Immunizations have been a cornerstone of medical advancements in this century and have effectively eliminated the fear of death and permanent disability from diseases that once threatened communities not only here, but across the world.
Yet, even today — and here in California — the subject of whether to require mandatory immunizations of all schoolchildren creates great controversy.
On the one side, there are those who say vaccinations are absolutely necessary to ensure the health and safety not just of individual children but the public as well. Others say the decision to immunize should be at the discretion of the child’s parents so parental rights are upheld.
Both viewpoints have merit, and as a Fresno physician and the president of the Fresno Madera Medical Society, I welcome this dialogue and I trust a consensus will be forged in the best interest of all Californians. With nearly three decades as an allergist and immunologist and as the medical director of the Allergy Institute serving children and adults, I’ve had the opportunity to see first hand what immunizations have meant to my patients.
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Yet, I know the recent immunization discussions might not have surfaced to this level had it not been for the outbreak of a once-eradicated disease — measles — being discovered at Disneyland in December. The outbreak sickened 147 people in the U.S., including 131 in California. Because there hadn’t been a homegrown measles case in the U.S. for more than a decade, health experts believe the virus came from abroad where the disease is still common.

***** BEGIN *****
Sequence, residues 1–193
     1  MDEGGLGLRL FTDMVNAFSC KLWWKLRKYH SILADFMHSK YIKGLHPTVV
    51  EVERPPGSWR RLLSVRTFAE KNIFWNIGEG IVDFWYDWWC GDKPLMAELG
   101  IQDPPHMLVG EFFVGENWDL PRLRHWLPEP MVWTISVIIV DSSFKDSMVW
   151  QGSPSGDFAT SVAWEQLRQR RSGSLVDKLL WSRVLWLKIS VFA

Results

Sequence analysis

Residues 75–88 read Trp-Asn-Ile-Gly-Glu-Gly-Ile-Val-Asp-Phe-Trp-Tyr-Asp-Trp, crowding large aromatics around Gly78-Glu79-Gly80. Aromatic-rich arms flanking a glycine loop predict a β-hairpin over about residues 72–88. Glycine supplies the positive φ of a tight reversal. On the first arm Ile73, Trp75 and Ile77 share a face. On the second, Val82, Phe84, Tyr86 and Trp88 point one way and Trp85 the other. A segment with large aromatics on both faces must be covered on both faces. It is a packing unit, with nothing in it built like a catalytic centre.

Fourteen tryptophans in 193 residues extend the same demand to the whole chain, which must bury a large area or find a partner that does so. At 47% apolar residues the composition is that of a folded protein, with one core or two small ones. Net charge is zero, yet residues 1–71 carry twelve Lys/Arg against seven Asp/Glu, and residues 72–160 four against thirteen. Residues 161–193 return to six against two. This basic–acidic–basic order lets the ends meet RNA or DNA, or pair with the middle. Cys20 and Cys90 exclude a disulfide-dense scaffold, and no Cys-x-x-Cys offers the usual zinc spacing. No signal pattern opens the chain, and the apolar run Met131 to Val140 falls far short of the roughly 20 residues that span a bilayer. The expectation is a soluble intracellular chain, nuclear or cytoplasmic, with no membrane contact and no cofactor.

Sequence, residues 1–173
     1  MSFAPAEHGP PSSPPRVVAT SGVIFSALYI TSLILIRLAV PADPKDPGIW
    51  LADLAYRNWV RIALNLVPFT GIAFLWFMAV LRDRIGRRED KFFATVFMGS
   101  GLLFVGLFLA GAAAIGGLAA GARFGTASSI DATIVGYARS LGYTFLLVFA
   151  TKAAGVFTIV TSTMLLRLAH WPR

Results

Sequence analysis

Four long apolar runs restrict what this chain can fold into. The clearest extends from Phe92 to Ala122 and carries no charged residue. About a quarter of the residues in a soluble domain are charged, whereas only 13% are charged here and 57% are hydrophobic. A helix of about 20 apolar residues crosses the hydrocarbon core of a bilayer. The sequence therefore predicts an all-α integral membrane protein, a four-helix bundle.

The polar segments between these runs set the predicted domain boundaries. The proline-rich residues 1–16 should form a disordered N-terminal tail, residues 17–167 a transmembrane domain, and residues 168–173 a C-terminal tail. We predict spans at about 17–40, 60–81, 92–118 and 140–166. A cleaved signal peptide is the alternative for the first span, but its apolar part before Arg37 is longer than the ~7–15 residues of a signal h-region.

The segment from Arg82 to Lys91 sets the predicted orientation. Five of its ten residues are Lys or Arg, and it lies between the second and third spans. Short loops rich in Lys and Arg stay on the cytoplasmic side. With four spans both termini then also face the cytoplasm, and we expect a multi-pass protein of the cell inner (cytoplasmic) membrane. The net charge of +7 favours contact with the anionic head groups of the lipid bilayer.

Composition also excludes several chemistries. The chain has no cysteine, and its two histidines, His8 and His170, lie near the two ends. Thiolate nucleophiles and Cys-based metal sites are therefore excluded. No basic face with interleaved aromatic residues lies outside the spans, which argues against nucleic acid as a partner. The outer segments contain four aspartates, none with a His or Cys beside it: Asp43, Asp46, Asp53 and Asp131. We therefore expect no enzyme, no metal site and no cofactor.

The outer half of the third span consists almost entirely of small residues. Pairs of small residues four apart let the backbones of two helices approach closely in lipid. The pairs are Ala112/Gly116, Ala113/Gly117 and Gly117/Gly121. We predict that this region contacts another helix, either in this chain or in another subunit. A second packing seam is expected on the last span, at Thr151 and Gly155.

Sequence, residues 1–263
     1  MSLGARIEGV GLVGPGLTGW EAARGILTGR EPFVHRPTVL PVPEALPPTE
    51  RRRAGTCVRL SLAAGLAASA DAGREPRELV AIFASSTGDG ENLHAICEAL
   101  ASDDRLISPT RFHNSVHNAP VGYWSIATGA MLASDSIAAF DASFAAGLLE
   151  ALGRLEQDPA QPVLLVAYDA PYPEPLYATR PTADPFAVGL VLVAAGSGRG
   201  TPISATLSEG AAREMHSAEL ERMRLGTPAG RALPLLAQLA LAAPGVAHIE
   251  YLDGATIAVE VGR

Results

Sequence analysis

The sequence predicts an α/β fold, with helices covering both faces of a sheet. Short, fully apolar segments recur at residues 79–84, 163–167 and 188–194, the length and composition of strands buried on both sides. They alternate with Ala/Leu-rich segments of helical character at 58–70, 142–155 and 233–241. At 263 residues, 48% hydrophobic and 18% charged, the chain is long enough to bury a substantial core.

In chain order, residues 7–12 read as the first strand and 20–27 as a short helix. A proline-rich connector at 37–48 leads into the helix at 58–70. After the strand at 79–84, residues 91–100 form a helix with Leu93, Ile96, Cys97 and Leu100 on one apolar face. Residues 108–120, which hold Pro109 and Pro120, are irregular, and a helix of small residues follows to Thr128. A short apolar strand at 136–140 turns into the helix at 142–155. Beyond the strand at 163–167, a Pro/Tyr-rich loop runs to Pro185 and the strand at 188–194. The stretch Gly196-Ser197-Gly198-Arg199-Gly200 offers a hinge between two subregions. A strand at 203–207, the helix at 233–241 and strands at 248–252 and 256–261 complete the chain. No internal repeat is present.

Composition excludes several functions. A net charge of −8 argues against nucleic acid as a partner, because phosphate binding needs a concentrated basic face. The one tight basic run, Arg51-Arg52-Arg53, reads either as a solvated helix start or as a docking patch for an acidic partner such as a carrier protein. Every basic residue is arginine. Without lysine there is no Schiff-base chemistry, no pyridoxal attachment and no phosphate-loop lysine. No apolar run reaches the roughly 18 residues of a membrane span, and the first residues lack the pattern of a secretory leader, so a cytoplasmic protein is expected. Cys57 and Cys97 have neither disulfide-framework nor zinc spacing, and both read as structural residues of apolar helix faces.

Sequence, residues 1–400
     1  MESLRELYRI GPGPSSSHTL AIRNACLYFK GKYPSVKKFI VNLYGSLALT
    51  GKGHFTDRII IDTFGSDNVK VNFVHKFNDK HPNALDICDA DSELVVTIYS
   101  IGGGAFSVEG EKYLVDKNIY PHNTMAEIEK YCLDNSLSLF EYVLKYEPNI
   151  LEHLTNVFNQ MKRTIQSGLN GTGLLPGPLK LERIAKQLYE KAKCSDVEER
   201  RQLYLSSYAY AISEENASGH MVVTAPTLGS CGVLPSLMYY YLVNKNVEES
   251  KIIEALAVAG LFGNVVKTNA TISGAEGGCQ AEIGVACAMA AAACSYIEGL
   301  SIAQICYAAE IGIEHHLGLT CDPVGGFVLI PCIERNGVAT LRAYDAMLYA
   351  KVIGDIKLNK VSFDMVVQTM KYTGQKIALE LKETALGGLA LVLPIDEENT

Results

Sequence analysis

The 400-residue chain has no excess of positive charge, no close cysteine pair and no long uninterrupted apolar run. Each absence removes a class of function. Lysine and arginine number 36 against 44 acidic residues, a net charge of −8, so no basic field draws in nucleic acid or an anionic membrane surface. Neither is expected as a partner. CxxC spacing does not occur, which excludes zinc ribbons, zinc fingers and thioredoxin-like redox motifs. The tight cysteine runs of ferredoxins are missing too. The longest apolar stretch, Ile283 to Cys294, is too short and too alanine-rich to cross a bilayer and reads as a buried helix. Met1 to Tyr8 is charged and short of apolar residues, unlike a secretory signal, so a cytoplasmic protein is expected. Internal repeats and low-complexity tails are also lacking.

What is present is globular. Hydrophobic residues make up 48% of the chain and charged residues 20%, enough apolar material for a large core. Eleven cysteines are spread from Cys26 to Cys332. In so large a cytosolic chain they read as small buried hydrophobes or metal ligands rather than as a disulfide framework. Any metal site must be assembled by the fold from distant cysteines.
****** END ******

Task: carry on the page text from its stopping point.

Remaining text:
For years, the rates of unvaccinated children had been slowly rising as new parents chose to not immunize their children from diseases that have made a resurgence into our communities.
Last year, though, for the first time in a decade, the number of parents filing personal belief exemption forms to exempt their kindergarteners from vaccination actually declined. This was also the year that Assembly Bill 2109 became law. AB 2109 was sponsored by the California Medical Association and was authored by Sacramento pediatrician and state Sen. Richard Pan, M.D. It requires a parent or guardian seeking a personal belief exemption from school immunization requirements to first obtain a document signed by a licensed health care practitioner.
The plus to this is that the practitioner is asked to attest that the parent or guardian has been informed of the benefits and risks of the immunization, as well as the health risks of the diseases that a child could contract if left unvaccinated. Armed with this information, the parent or guardian is best able to make an informed decision.
But, the reason it was authored to begin with was because of a rising concern around the increase in personal belief exemptions in California and what that could mean for outbreaks of diseases like measles, mumps and pertussis (whooping cough).
Exposure to these diseases not only puts individual children at risk, but the community as a whole, including infants too young to be immunized. Reductions in personal belief exemptions lead to fewer preventable outbreaks and it is imperative for the health of our state that we continue in this direction.
Please join the dialogue to ensure that our children won’t have to see images of sick and disabled children who could have been kept healthy with vaccines. And, let’s protect children who are too young to be immunized, our seniors and people with compromised immune systems who are more susceptible to serious illnesses.
By working together to create the delicate balance necessary to ensure our families and our communities are healthy and protected, I know we will get to the best resolution.